HAHAHAHAHAHA IT’S ALL MEANINGLESS AND WE TRIED TO TELL YOU. Didn’t we try to tell you? Didn’t we say it’s not worth getting worked up over shenanigans on any version of RuPaul’s Drag Race because it’s only pretending to be a competition? We’re sure we must have mentioned it once or twice. Well, this week they all but admitted that the various rankings and attempts at manipulation didn’t really amount to anything because in an all-winners season, THERE ARE NO LOSERS. EVER. Everybody stays! Everybody wins! Let’s have TWO crowns, just for shits and giggles!
This week’s challenge was the long-awaited talent show challenge, or as we like to call it, the “My talent is rapping and pointing at things” challenge, when we’re feeling especially bitchy. This is the perfect challenge for the show to throw off its competition pretensions and just admit that they’re putting on a drag revue every week and that the cash prizes are just little incentives for the performers. In fact, if they weren’t already using this episode’s format to float the idea of a drag variety show, they stumbled onto the perfect setup for it. The charity twist was a great idea, not only because it’s good whenever good causes are supported financially, but also because each queen’s chosen charity told you a little bit about who they were and what they find important.
The Tic Tac chit-chats were even less illuminating than usual, since they were really only about sitting each queen down so she can talk about how great she is. There were a few moments of poignancy, but for the most part, we sort of snoozed our way through this part of the proceedings.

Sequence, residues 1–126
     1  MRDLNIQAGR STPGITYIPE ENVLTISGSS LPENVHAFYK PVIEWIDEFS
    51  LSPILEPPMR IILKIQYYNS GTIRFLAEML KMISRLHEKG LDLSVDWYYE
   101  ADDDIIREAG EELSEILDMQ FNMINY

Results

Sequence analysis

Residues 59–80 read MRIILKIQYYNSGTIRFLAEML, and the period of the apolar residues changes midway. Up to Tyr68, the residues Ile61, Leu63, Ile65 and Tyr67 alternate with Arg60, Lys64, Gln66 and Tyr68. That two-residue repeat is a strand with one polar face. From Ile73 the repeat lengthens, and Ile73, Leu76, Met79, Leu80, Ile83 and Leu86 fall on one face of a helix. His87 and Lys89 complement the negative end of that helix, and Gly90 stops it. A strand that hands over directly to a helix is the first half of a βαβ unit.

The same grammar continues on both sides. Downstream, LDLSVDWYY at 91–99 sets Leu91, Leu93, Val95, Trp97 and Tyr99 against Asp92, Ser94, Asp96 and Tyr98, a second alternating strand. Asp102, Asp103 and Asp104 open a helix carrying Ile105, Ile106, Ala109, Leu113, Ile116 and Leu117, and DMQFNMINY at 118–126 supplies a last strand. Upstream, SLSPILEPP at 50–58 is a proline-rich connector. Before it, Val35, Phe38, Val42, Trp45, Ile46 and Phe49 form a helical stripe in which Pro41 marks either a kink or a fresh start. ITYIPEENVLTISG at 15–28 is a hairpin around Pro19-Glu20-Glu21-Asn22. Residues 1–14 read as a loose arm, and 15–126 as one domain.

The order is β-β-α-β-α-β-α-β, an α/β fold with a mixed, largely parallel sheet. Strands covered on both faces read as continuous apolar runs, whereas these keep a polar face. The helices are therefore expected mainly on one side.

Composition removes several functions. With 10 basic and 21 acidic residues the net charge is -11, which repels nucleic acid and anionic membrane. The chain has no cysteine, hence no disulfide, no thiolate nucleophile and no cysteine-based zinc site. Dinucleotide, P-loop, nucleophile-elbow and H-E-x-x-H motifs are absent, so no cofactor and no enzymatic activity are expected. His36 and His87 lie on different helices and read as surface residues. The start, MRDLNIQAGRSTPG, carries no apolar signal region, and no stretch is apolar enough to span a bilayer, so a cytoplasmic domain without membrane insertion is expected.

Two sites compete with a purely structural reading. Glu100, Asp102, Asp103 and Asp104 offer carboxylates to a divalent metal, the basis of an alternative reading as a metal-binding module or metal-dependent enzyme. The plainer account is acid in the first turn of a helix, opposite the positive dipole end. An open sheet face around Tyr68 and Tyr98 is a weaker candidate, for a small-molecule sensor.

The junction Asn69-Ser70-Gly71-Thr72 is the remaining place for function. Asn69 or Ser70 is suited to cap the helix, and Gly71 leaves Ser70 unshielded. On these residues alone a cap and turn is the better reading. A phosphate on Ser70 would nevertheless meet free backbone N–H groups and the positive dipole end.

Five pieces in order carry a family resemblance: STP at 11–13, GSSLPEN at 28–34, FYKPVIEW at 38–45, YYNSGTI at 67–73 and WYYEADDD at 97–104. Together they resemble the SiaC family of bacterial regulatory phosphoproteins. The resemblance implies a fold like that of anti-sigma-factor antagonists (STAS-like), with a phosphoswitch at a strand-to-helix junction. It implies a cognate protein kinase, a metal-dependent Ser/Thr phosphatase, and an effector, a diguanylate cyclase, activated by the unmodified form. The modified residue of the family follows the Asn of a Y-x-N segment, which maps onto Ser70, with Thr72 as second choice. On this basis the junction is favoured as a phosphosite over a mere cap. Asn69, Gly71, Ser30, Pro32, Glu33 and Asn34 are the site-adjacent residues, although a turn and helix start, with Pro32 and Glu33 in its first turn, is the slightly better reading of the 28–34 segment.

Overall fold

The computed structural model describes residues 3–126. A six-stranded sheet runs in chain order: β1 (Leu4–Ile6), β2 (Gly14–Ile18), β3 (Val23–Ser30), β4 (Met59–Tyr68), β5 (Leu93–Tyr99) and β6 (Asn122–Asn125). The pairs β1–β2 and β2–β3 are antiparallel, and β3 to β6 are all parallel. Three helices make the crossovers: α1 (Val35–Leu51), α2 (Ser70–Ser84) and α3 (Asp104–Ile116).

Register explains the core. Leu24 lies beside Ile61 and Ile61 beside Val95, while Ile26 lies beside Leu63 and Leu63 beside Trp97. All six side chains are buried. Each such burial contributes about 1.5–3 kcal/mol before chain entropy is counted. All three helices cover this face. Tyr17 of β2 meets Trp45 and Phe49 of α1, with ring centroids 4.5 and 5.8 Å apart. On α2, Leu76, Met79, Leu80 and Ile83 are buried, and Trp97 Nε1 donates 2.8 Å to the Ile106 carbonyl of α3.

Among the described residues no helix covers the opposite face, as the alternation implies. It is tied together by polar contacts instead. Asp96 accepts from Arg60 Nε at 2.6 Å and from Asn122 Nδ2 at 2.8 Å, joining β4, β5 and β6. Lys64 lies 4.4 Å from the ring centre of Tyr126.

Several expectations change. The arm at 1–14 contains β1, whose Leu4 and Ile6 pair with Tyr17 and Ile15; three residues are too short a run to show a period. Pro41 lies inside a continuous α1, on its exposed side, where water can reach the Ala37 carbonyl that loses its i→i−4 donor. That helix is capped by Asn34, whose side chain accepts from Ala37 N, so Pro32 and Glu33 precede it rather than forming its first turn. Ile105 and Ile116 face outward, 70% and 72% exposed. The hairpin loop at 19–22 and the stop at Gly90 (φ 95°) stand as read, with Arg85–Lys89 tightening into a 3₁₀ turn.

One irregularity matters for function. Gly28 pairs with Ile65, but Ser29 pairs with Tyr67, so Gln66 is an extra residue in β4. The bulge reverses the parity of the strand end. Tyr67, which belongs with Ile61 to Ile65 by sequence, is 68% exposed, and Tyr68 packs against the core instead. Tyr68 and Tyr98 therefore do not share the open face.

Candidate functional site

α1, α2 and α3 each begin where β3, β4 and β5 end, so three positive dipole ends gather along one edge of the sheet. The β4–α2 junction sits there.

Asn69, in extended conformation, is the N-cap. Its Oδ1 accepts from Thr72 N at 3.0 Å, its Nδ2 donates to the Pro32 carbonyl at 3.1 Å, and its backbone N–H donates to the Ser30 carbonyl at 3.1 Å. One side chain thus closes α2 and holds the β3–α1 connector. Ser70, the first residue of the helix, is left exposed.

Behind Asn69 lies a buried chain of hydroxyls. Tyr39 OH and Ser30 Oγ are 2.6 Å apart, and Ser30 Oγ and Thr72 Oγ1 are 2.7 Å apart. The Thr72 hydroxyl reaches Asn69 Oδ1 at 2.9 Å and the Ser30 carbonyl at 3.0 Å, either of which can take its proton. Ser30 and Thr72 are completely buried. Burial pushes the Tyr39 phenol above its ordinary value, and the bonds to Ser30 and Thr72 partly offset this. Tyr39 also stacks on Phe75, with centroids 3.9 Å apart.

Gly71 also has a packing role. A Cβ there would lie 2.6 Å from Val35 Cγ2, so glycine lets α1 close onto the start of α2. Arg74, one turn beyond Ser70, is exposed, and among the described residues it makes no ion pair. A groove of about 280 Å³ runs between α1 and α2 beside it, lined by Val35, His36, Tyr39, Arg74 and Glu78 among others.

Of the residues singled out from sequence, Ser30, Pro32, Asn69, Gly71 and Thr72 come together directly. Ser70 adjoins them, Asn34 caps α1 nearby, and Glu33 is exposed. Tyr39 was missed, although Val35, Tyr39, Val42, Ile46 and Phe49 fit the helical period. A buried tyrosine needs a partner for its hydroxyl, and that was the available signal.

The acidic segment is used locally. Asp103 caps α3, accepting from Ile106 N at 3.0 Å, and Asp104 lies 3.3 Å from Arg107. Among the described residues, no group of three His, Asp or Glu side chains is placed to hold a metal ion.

Since the show is too scared to be bitches about it, we’ll happily fill in and point out who should have been in the bottom, if this were a real competition. Trinity was highly entertaining – it would be hard for not to be – but her charming number about being a southern queen wasn’t among the best efforts of the week. It’s the kind of thing that might have snagged her a win in a regular competition, but it just wasn’t at the level of her all-star competitors.
Similarly, we think Yvie’s energetic and highly distinct performance would have rated higher if she were surrounded by lesser competitors. Still, it was fun to watch – the trunk reveal was really well executed – and it was poignantly sad when she revealed that she doesn’t think she’ll be physically capable of this kind of performance for much longer.
By the time Jaida came out, we were ready to declare a moratorium on rap acts (since Trinity and Yvie rapped their songs), but she’s actually very good at it and gave a crystal clear performance while serving a fantastic look.
In retrospect, it seems like each act was slightly better than the one before it. We wonder if that wasn’t partially about each successive queen stepping her pussy up that much more to outdo the queen before her. Whatever the case, Jinkx surprised no one by nearly bringing the house down. In a different season, there’d be no question that she was the best queen of the lot, in terms of overall professionalism and level of talent. Even in this season, surrounded by all-stars, she still makes her case for being the most talented queen in the Drag Race firmament of stars.